New directions in earth system governance research
Burch, Sarah ; Gupta, A. ; Inoue, C. ; Kalfagianni, Agni ; Persson, Asa ; Gerlak, Andrea K. ; Ishii, Atsushi ; Patterson, James ; Pickering, Jonathan ; Scobie, M. ; Heijden, Jeroen van der; Vervoort, J. ; Adler, Carolina ; Bloomfield, Michael ; Djalante, Riyante ; Dryzek, John ; Galaz, Victor ; Gordon, Christopher ; Harmon, Renée ; Jinnah, Sikina ; Kim, Rakhyun E. ; Olsson, Lennart ; Leeuwen, J. van; Ramasar, Vasna ; Wapner, Paul ; Zondervan, R. - \ 2019
Earth System Governance 1 (2019). - ISSN 2589-8116 - 18 p.
Governance - Research networks - Earth system - Transformation
The Earth System Governance project is a global research alliance that explores novel, effective governance mechanisms to cope with the current transitions in the biogeochemical systems of the planet. A decade after its inception, this article offers an overview of the project's new research framework (which is built upon a review of existing earth system governance research), the goal of which is to continue to stimulate a pluralistic, vibrant and relevant research community. This framework is composed of contextual conditions (transformations, inequality, Anthropocene and diversity), which capture what is being observed empirically, and five sets of research lenses (architecture and agency, democracy and power, justice and allocation, anticipation and imagination, and adaptiveness and reflexivity). Ultimately the goal is to guide and inspire the systematic study of how societies prepare for accelerated climate change and wider earth system change, as well as policy responses.
Potato pathogens in Northern and Western Europe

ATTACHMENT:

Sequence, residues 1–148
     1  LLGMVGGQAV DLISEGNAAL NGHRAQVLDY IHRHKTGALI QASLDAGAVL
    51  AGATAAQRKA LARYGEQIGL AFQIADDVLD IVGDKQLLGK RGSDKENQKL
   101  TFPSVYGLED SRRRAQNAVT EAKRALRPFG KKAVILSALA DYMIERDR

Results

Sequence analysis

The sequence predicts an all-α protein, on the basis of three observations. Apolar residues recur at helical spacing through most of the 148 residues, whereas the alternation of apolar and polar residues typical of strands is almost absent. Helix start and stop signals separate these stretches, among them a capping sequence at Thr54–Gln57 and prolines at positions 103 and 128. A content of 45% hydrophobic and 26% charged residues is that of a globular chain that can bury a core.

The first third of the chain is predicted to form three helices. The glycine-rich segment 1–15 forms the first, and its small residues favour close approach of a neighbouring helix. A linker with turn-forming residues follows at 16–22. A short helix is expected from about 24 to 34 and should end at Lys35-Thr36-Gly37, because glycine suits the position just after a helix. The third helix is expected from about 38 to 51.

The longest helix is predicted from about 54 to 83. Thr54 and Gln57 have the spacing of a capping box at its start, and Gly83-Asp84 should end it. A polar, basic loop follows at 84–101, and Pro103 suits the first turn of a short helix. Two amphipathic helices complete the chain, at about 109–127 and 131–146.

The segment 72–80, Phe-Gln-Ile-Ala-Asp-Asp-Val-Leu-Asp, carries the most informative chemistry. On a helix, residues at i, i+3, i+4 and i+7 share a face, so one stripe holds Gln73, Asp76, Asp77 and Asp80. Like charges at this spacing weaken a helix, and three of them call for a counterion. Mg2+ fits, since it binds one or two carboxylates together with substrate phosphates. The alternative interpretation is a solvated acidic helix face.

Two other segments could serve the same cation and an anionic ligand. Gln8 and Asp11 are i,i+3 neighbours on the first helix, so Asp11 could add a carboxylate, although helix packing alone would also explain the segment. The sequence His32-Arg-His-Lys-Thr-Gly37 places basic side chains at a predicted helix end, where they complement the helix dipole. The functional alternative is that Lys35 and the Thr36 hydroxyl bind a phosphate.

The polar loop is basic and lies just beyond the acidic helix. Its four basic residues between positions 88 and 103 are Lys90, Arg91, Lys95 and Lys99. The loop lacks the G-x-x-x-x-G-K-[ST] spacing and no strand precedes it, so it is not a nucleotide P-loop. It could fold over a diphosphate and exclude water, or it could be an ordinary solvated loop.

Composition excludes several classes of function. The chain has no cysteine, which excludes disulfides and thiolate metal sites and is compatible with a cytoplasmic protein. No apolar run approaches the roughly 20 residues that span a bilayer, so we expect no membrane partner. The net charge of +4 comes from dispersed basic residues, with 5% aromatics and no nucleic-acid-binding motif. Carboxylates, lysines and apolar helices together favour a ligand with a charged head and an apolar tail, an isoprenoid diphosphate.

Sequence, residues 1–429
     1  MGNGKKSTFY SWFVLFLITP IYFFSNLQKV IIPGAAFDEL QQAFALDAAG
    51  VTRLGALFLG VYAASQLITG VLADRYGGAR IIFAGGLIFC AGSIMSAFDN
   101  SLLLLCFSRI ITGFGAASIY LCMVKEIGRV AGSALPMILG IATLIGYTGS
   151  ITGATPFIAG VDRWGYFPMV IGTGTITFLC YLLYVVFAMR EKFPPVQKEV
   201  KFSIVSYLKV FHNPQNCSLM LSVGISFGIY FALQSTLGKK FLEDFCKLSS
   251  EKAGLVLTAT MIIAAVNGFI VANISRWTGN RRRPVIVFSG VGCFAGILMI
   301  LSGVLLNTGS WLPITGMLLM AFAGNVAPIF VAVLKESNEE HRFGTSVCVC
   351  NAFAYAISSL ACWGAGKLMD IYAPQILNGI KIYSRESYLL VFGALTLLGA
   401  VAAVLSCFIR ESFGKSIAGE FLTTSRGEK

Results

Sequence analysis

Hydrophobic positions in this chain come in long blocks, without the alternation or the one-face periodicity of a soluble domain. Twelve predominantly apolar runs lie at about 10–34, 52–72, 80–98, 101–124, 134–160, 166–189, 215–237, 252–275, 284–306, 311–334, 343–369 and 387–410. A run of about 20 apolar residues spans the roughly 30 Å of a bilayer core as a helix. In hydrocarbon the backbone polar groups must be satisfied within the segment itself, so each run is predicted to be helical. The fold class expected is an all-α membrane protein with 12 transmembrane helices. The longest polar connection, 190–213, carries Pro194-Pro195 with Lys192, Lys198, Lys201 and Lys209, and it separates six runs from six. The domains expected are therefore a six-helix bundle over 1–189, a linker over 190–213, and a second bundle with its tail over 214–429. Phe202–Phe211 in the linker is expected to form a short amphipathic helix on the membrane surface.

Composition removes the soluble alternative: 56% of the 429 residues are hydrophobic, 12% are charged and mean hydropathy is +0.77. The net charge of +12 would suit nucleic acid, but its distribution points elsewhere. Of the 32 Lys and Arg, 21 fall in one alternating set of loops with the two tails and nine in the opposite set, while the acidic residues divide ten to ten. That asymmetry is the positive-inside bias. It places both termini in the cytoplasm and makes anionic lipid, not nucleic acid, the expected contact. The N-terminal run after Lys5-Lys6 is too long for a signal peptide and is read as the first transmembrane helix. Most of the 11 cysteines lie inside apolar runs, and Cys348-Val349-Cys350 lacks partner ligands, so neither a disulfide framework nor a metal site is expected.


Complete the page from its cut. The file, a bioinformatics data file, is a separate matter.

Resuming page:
Schepers, H.T.A.M. ; Cooke, L.R. - \ 2015
In: Fungicide resistance in plant pathogens / Ishii, H., Hollomon, D.W., Tokyo : Springer - ISBN 9784431556411 - p. 355 - 378.
The climatic conditions in Northern and Western (NW) Europe, which are very suitable for the cultivation of potatoes, are also very favourable for a range of diseases of which late blight, caused by Phytophthora infestans, is by far the most important with the potential to cause total crop loss. It is controlled by foliar fungicides, with up to 15–20 sprays being used per season. A wide range of fungicides is approved for the control of late blight including nonsystemics (e.g. mancozeb, fluazinam), numerous translaminar compounds (e.g. cymoxanil, dimethomorph, mandipropamid) but few fully systemic fungicides (viz. the phenylamides including metalaxyl-M, and propamocarb hydrochloride). Resistance to metalaxyl appeared in 1980, within a few years of its introduction, and led to control failures in Ireland and the Netherlands. Subsequently, anti-resistance management strategies were developed which allowed continuing use of phenylamides only in mixtures with nonsystemic multisite-inhibiting fungicides and with a limited number of applications. Resistance to other fungicides used to control late blight or early blight (caused by Alternaria spp.) has not developed or has not led to major reductions in control, perhaps in part as a consequence of effective resistance management. The potato is also susceptible to many tuber pathogens, which can cause rots and blemishes and are frequently transmitted via the seed tuber. Relatively few fungicides are approved for tuber or soil application to control tuber diseases. Resistance to thiabendazole, first used on potatoes in the 1970s, developed in several pathogens and resulted in loss of control where it was used alone. Resistance management has focused on avoiding repeated use of thiabendazole during multiple generations of the potato crop and use in mixtures with imazalil. In Europe, resistance has not developed to other fungicides used to control tuber diseases, although pathogen strains resistant to fludioxonil have been reported elsewhere.
Real-time multi-model decadal climate predictions
Smith, D.M. ; Scaife, A.A. ; Boer, G.J. ; Caian, M. ; Doblas-Reyes, F.J. ; Guemas, V. ; Hawkins, E. ; Hazeleger, W. ; Hermanson, L. ; Ho, C.K. ; Ishii, M. ; Kharin, V. ; Kimoto, M. ; Kirtman, B. ; Lean, J. ; Matei, D. ; Merryfield, W.J. ; Muller, W.A. ; Pohlmann, H. ; Rosati, A. ; Wouters, B. ; Wyser, K. - \ 2013
Climate Dynamics 41 (2013)11-12. - ISSN 0930-7575 - p. 2875 - 2888.
surface-temperature - data assimilation - atlantic hurricanes - north-american - ensemble - model - design